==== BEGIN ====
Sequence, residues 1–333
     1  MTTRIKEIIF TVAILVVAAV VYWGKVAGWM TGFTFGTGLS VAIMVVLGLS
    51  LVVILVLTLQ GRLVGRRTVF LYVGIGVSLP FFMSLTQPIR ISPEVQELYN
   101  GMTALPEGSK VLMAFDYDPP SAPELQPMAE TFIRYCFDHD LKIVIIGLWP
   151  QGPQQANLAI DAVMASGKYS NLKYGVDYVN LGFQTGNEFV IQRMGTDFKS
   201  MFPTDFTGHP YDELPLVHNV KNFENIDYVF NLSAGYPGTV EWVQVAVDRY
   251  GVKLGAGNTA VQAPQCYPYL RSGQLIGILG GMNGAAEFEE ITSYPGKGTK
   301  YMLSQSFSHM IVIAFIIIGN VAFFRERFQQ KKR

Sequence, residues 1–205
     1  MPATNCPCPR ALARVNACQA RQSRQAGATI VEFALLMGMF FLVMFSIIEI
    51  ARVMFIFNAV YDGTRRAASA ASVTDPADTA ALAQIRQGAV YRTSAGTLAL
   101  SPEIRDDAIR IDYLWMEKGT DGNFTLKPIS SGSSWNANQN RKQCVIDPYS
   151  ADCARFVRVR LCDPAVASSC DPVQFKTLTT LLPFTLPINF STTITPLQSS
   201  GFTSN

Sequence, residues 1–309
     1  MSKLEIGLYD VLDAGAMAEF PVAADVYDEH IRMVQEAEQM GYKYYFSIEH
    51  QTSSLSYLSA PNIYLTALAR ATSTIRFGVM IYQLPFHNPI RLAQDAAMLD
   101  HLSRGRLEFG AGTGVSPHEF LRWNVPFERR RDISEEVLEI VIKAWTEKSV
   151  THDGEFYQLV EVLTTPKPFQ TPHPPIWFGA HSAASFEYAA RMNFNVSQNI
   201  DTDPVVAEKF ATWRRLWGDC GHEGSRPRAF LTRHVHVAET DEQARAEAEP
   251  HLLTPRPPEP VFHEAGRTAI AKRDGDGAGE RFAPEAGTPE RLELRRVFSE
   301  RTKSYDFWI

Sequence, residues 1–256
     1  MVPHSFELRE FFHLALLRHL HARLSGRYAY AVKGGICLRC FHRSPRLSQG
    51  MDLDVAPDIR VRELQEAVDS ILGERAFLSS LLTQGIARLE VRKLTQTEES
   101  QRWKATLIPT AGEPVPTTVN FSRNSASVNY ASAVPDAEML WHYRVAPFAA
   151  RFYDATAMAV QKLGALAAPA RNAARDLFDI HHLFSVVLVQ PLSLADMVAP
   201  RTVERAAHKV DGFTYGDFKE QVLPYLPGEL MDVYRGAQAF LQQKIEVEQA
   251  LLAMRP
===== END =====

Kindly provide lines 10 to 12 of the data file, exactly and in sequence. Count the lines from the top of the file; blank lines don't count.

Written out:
     1  MPATNCPCPR ALARVNACQA RQSRQAGATI VEFALLMGMF FLVMFSIIEI
    51  ARVMFIFNAV YDGTRRAASA ASVTDPADTA ALAQIRQGAV YRTSAGTLAL
   101  SPEIRDDAIR IDYLWMEKGT DGNFTLKPIS SGSSWNANQN RKQCVIDPYS